to current population
      The EPA’s 1981 exposure estimates are the most recent and best available information on the proportion of Americans exposed to high levels of environmental noise
      Number of Americans exposed to ≥65 dBA LDN of environmental noise43.8 million (14% of the total population)Application of most recent EPA estimates
      U.S. Environmental Potection Agency
      to current population
      The EPA’s 1981 exposure estimates are the most recent and best available information on the proportion of Americans exposed to high levels of environmental noise
      Relationship between environmental noise exposure and CHD1.04 RR per 5 dBA LDNBabisch (2014)
      • Babisch W.
      Updated exposure-response relationship between road traffic noise and coronary heart diseases: a meta-analysis.
      Babisch estimates 1.08 RR per 10 dBA LDN, and we assume this estimate can be halved for our 5 dB LDN reduction scenario; we also assume that Babisch’s estimates, which are for road noise only, can be applied to all environmental noise, as studies for other sources of environmental noise indicate similar relationships (Table 1)
      Prevalence of CHD, U.S.15.4 millionGo et al. (2013)
      • Go A.S.
      • Mozaffarian D.
      • Roger V.L.
      • et al.
      Heart disease and stroke statistics—2013 update: a report from the American Heart Association.
      Figures are for 2010, estimated in 2013; no change assumed for 2013
      Population risk of CHD, U.S.4.89%15.4 million Americans (Go et al. [2013]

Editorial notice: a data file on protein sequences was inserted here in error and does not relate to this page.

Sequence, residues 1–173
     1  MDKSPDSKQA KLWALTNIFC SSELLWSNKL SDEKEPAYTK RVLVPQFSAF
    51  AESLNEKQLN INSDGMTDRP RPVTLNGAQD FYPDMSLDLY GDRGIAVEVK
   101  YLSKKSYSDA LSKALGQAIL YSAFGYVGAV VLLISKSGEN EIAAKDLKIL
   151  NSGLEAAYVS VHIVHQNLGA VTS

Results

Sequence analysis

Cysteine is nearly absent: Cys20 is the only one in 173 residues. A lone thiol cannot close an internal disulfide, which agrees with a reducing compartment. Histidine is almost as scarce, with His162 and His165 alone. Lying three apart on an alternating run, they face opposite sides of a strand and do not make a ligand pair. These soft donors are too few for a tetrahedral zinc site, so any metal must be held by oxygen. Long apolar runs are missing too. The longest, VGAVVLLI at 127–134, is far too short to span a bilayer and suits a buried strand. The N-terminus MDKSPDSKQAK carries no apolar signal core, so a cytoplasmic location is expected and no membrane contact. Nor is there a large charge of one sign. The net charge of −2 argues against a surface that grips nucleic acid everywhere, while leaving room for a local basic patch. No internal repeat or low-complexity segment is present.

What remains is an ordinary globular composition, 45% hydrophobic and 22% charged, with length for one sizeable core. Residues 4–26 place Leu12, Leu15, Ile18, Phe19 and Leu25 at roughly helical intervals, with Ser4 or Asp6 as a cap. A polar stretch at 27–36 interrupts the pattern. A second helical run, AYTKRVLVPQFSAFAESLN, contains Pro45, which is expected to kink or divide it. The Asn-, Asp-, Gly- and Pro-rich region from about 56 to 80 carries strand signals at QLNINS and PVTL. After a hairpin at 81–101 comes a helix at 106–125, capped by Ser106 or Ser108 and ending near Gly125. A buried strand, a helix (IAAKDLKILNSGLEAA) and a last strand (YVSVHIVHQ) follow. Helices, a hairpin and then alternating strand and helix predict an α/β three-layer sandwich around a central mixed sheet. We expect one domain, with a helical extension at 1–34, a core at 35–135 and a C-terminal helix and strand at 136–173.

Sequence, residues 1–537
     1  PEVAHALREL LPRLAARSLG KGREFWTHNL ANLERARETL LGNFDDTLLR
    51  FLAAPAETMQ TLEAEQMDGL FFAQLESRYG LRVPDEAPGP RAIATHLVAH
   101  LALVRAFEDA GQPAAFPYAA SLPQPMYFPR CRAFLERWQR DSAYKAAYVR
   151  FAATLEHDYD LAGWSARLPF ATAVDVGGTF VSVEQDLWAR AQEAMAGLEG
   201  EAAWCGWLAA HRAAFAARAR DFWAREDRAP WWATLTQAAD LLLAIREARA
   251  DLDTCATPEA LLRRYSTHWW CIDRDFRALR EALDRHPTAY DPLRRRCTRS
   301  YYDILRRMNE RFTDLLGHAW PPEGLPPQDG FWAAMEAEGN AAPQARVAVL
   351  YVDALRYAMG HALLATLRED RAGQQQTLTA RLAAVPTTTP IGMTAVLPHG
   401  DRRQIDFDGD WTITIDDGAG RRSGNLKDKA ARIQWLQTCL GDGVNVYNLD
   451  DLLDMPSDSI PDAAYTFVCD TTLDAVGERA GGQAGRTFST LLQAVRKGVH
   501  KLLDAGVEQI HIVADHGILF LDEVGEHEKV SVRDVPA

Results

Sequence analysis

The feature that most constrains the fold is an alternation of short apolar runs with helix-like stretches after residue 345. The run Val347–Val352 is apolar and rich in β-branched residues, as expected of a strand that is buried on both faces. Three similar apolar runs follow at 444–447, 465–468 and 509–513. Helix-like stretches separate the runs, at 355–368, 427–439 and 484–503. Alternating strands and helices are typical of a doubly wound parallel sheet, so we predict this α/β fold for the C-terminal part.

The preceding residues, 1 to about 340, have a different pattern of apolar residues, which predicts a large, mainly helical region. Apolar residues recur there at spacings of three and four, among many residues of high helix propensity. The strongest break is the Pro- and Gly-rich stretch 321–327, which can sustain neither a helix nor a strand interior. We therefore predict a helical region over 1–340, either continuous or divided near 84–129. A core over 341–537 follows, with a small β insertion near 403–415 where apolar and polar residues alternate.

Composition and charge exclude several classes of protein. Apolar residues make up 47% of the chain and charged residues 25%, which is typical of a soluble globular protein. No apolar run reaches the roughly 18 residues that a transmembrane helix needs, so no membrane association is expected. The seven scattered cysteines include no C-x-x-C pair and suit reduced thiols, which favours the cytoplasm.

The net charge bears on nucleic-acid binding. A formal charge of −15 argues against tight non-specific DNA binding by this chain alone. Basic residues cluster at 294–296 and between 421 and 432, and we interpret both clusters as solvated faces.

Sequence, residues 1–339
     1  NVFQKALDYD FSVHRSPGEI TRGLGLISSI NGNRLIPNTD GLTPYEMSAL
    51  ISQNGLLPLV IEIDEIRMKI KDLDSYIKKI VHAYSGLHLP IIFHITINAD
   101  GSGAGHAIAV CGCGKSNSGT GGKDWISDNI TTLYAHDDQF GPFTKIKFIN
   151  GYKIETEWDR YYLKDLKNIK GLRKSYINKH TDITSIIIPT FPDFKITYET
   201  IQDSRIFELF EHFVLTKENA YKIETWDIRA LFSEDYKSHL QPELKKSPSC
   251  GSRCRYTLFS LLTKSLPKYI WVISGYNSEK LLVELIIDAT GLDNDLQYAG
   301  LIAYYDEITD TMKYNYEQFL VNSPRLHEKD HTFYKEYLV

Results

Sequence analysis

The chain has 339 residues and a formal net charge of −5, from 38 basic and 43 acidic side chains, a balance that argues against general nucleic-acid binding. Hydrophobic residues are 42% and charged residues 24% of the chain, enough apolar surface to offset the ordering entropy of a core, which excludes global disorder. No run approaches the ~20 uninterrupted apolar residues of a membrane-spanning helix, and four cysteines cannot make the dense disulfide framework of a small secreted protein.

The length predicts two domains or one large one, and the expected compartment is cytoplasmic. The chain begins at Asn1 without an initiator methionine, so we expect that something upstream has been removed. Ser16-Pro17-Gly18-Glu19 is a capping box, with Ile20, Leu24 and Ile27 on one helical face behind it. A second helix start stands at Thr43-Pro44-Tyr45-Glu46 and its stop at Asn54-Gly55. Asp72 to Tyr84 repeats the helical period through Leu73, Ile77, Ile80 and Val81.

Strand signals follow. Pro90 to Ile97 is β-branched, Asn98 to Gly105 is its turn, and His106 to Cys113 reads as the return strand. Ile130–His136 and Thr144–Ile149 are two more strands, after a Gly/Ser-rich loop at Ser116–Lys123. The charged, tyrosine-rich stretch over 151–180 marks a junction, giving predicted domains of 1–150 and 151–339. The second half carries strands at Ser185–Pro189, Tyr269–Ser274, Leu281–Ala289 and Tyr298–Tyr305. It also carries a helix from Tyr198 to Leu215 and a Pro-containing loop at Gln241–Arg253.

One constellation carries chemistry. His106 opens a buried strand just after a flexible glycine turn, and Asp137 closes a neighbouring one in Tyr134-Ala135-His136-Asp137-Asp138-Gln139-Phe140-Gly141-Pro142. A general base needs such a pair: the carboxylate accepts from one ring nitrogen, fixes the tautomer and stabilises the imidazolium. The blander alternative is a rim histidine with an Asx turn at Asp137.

• Go A.S.
      • Mozaffarian D.
      • Roger V.L.
      • et al.
      Heart disease and stroke statistics—2013 update: a report from the American Heart Association.
      ) of the 315 million population (U.S. Census

      U.S. Census Bureau. U.S. Census: State and County QuickFacts. 2013. www.quickfacts.census.gov/qfd/states/00000.html.

      )
      Direct cost of CHD, U.S. annual (health care, medications)$96 billionLloyd-Jones et al. (2009)
      • Lloyd-Jones D.
      • Adams R.J.
      • Brown T.M.
      • et al.
      Heart disease and stroke statistics—2010 update: a report from the American Heart Association.
      Figures are for 2009–2010, no change assumed for 2013
      Indirect cost of CHD, U.S. annual (lost productivity due to mortality/morbidity)$81.1 billionLloyd-Jones et al. (2009)
      • Lloyd-Jones D.
      • Adams R.J.
      • Brown T.M.
      • et al.
      Heart disease and stroke statistics—2010 update: a report from the American Heart Association.
      Figures are for 2009–2010, no change assumed for 2013
      Relationship between environmental noise exposure and hypertension1.034 RR per 5 dBA LDNvan Kempen and Babisch (2012)
      • Van Kempen E.
      • Babisch W.
      The quantitative relationship between road traffic noise and hypertension: a meta-analysis.
      We assume that van Kempen and Babisch’s estimated RR of 1.034 per 5 dBA LAeq,16h applies to 5 dB LDN, because these measures are similar and tend to be highly correlated; we also assume that this estimate for road noise only can be applied to all environmental noise, as studies for other sources of environmental noise indicate similar relationships (Table 1)
      Prevalence of hypertension, U.S.77.9 millionGo et al. (2013)
      • Go A.S.
      • Mozaffarian D.
      • Roger V.L.
      • et al.
      Heart disease and stroke statistics—2013 update: a report from the American Heart Association.
      Figures are for 2010, estimated in 2013; no change assumed for 2013
      Population risk of hypertension, U.S.24.7%77.9 million Americans (Go et al. [2013]
      • Go A.S.
      • Mozaffarian D.
      • Roger V.L.
      • et al.